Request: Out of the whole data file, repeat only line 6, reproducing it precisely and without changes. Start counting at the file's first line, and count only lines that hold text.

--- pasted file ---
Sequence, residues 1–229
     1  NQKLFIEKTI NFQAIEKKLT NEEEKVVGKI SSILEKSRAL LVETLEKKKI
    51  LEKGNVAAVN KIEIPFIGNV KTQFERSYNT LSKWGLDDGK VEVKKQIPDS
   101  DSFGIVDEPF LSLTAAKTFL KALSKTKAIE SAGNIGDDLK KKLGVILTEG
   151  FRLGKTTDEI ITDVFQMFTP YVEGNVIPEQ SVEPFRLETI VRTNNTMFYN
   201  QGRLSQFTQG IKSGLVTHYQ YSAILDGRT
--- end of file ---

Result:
   201  QGRLSQFTQG IKSGLVTHYQ YSAILDGRT